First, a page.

When a Pennsylvania family goes through a divorce, adjusting to a new custody and visitation schedule can be a challenge for both children and adults alike. For kids, a large part of the problem is a sense of helplessness and lack of control over where they are and who they are spending time with. In many cases, gaining a better understanding of what to expect can go a long way toward making child custody transitions easier for everyone. One company has come up with a calendar that families can use to clarify visitation.
The calendar comes in weekly, biweekly and monthly versions. Each set comes with a series of magnets that can be customized to show various family members. There are also magnets that represent different houses, school activities and extracurricular pursuits. This allows the family to create a clear visual representation of how the coming weeks will be scheduled.
For children, knowing what to expect is an important part of accepting a new family structure. Young kids could benefit from this type of physical scheduling system, while older children may prefer an online schedule that they can access from their phones or other devices. Using an online schedule has the added benefit of allowing the entire family to access and make changes to the schedule whenever necessary, even if they are not together. Parents can fill in important school events, sporting activities and even vacation plans.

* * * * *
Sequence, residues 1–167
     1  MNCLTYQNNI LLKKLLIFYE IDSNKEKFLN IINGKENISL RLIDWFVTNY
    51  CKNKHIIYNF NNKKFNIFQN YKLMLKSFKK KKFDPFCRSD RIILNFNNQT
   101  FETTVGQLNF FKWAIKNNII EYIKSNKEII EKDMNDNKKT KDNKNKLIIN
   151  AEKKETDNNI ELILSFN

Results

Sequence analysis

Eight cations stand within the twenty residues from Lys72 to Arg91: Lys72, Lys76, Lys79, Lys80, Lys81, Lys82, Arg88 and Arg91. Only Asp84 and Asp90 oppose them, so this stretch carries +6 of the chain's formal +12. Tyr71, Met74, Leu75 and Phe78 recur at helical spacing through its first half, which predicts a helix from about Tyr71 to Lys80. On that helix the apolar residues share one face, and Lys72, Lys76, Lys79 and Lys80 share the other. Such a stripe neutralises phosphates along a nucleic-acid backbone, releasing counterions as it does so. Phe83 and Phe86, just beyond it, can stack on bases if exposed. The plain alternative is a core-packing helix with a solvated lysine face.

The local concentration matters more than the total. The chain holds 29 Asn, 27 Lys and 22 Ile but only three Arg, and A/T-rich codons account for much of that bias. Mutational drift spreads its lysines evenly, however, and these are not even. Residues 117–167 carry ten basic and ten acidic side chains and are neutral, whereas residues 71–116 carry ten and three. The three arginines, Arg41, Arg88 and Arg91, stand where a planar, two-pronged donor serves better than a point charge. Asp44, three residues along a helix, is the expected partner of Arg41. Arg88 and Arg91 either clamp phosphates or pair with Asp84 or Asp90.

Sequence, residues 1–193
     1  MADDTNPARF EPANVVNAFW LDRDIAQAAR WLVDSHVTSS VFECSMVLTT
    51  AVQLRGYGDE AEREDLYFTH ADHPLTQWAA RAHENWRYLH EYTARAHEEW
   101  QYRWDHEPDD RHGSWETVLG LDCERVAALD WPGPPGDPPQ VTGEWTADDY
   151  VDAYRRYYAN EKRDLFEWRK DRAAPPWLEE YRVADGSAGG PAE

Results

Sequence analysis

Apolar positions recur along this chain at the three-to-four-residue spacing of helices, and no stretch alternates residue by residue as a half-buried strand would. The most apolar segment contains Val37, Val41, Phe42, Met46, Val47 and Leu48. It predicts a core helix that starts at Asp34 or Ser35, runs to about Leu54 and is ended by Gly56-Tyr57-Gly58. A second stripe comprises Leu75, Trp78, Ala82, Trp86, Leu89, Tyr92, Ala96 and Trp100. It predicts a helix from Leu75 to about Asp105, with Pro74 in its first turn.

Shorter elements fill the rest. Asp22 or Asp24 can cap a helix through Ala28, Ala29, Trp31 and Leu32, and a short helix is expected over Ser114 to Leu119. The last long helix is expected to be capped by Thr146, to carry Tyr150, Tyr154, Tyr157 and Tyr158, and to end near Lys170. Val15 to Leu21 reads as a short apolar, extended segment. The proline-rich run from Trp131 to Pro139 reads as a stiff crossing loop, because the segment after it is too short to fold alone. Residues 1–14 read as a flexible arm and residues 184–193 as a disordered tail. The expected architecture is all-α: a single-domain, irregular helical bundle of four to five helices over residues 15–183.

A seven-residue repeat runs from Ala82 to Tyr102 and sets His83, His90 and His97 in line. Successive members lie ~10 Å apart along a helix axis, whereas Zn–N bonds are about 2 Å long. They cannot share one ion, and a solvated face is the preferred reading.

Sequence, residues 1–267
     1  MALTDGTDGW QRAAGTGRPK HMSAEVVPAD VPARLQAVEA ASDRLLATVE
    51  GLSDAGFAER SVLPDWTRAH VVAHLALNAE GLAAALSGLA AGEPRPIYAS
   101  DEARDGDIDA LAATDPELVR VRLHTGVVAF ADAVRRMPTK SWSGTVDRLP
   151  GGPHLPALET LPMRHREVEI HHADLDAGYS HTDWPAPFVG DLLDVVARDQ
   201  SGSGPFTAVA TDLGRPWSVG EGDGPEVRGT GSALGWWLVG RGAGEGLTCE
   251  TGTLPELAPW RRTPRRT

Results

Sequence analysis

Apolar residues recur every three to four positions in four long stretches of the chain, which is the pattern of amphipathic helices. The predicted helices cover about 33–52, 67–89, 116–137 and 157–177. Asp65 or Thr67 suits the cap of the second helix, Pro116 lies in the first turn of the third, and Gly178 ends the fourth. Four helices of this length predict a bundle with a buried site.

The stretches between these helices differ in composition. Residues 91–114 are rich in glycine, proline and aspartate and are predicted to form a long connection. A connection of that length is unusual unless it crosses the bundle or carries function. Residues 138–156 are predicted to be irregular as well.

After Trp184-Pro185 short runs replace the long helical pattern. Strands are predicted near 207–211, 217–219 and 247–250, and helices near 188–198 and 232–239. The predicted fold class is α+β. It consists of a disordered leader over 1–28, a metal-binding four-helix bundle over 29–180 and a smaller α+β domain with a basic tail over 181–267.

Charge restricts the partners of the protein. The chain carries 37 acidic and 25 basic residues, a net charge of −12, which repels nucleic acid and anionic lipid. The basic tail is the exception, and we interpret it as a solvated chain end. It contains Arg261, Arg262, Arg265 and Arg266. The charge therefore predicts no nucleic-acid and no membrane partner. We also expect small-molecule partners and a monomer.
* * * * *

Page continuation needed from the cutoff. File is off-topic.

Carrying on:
Transitioning from an intact family to a dual-household structure can be difficult, for children and adults. Finding a calendar that allows kids to see where their time will be spent is a good way to give them a sense of stability and control. That can be powerful during a period of time when children likely feel that nothing is in their control, and when changes are coming at a swift pace. Anything that can make child custody and visitation easier for children deserves the consideration of Pennsylvania parents.
Source: popsugar.com, “This Calendar For Kids of Divorce Is What Coparenting Is Truly All About“, Kate Schweitzer, Aug. 15, 2017